* * * * * * *


Germany’s Economy Is Sicker Than You Think.

Epidemiologically and economically, Germany did well in round one of the pandemic. The problems will show up in round two.

There’s no question that Germany has done relatively well during this annus horribilis, and that the administration of Chancellor Angela Merkel deserves most of the credit. But the country could soon have a different problem. The same government policies that worked so well in the first phase of the corona-recession could do major damage in the second phase and thereafter.

Germany can certainly be proud of what it has achieved this year. It “flattened the curve” of Covid-19 transmission early on. And with a dizzying array of stimulus spending and other measures, it has pumped some 1 trillion euros ($1.18 trillion) into its economy.

Thanks to all this, output has been growing again since May. The government now reckons the contraction for the whole year will be milder than originally assumed, at “only” minus 5.8%. By early 2022, the economy should be at pre-crisis levels again. Economy Minister Peter Altmaier (pictured) has been flaunting V-shaped recovery charts.

In particular, Germany has been good at saving jobs. It’s done this in part by suspending normal bankruptcy rules, thus keeping more employers afloat. Simultaneously, the government has used a century-old policy tool to keep employees in their jobs even if they have no work to do. These measures kept unemployment at 4.4% as of July, when the average was 7.2% in the European Union and 10.2% in the U.S.

This now-famous policy instrument is called Kurzarbeit, literally “short-time work.” In a nutshell, the government subsidizes firms to keep workers on their payrolls even when idled. The employees continue getting most of their normal paychecks and are ready to return to work as soon as there is renewed demand. Kurzarbeit was a big reason why Germany emerged relatively unscathed from the Great Recession of 2008-09. Viewed as the international “gold standard” of work-benefit schemes, it’s been copied across Europe and beyond.

But the subsidization of work not actually done and the de facto suspension of insolvency procedures were only meant to be temporary measures. And yet, the Merkel cabinet recently prolonged both programs. Kurzarbeit has been extended through the end of 2021.

The fear among many German economists is that the combination of these policies will create “zombie companies” — firms that should really die and exit the market because of problems unrelated to the pandemic, but that are instead kept alive artificially. An estimated 550,000 firms could already be zombies, according to one estimate, and this could grow to perhaps 800,000 next year.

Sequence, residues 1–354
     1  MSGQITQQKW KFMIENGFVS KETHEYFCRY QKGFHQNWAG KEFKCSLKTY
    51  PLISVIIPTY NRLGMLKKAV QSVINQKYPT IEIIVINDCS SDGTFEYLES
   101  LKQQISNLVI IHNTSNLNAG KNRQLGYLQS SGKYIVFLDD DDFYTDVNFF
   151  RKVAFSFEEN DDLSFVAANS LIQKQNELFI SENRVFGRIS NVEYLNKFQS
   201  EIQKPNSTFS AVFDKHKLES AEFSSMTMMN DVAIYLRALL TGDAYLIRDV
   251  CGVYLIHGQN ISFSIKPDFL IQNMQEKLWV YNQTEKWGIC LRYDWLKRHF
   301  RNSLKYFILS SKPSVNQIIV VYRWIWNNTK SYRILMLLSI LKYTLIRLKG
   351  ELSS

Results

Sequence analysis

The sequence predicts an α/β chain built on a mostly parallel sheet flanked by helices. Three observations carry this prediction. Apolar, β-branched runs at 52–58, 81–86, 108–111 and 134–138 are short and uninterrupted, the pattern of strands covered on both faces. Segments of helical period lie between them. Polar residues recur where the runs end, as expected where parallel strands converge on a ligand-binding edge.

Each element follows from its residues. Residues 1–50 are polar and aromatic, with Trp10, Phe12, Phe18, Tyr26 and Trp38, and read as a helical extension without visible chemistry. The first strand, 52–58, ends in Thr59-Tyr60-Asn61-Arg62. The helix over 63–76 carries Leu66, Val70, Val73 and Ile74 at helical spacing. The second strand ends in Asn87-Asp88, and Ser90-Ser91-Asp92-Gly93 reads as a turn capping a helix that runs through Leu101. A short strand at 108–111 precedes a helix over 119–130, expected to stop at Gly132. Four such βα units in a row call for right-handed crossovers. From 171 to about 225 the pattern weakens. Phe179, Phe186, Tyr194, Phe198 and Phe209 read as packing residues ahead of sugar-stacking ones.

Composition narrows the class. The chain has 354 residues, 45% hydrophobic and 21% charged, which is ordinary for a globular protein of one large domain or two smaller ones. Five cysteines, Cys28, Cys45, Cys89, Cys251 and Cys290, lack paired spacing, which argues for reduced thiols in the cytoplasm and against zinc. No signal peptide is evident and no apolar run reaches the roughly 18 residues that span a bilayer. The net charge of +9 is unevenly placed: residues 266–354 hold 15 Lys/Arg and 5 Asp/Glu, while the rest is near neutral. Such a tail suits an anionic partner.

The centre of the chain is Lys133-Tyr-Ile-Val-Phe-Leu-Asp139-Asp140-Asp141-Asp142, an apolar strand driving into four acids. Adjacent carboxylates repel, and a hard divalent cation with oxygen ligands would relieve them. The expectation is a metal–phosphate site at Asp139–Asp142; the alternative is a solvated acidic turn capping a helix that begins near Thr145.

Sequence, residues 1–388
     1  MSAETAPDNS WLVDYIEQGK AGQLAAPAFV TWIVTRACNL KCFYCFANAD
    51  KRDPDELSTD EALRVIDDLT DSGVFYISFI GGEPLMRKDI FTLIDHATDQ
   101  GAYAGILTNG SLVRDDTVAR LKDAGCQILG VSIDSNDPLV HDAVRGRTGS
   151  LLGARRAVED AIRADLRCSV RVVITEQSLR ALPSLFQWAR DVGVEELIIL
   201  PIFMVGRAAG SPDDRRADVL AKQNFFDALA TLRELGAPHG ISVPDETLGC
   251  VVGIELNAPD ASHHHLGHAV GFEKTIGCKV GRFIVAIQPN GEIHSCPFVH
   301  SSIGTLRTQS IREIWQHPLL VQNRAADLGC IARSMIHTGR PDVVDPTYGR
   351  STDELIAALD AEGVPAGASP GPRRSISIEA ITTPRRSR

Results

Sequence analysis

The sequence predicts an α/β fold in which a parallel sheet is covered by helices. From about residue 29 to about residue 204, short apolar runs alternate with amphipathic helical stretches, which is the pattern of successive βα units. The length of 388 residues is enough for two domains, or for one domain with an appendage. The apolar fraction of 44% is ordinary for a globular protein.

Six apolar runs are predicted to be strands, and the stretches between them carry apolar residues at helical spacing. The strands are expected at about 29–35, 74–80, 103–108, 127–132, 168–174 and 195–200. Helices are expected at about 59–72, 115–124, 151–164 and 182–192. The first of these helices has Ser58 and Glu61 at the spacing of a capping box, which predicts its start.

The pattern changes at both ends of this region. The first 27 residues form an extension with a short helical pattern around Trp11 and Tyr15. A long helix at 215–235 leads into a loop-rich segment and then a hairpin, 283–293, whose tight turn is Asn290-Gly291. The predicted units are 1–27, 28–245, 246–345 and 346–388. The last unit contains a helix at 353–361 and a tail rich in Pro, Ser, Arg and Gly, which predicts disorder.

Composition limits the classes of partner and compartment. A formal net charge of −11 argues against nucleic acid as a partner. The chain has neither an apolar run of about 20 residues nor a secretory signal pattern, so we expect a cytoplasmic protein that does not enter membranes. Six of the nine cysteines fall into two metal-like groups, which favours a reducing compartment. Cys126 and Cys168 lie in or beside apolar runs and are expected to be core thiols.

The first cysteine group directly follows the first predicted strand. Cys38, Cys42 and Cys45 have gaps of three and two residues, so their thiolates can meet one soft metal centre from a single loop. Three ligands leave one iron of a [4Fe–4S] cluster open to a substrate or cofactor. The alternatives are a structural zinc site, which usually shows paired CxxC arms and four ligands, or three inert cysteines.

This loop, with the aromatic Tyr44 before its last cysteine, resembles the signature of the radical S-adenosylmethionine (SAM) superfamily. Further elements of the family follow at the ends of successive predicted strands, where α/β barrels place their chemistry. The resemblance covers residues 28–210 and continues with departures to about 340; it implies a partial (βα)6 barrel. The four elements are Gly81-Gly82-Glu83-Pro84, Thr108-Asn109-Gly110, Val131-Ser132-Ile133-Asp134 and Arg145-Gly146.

The even deeper fear is that this zombification eventually infects even healthy firms and removes the pressure for them to restructure. As I described in January, many economists were predicting the end of Germany’s recent “economic miracle” even before Covid-19, unless the country prescribes itself radical industrial, technological and cultural updates.

One reason for concern is demographics: This is the decade when Germany’s baby boomers begin retiring in huge numbers. Another is a creeping loss of competitiveness in sectors that are central to Germany’s manufacturing economy, from cars to machines. A third is a cultural resistance to change that keeps Europe’s largest economy surprisingly analog in an increasingly digital world — it continues to be a maker of “stuff” in a universe of data.

Germany is a place where people still file expense reports on slices of dead trees. It’s the country that ranks last among seven in a new survey about online learning during the lockdowns, with half of German parents saying that their schools offered none at all. And it’s an economy that just plummeted by 52 ranks in an analysis of “digital risers” and laggards.

There’s hope that Covid-19 could accelerate some of the necessary changes. After this spring’s stampede into home offices, for example, just over half of German companies in one survey claimed they’ll get digitally savvier. But those were human-resources managers being polled. There’s no sign yet that the makers and suppliers of Germany’s gas-guzzling cars will get any closer to competing with the U.S. or China in artificial intelligence, which they’ll need to do to build the self-driving cars of the future.

The Merkel government deserves kudos for going all out in rescuing the Germany economy this year. But in extending short-term measures for the long haul, her right-left coalition seems to be more concerned with keeping the peace until next fall’s election than with preparing Germany for the bigger challenges to come. 

These will require wrenching reforms in welfare and taxation and a long-overdue upheaval in Germany’s industrial, service and financial sectors. As Warren Buffett, that doyen of harder-edged American capitalism, has observed, it’s only when the tide goes out that you discover who’s been swimming naked. Germany can keeping pouring on money for a while longer, but it can’t prevent the ebb.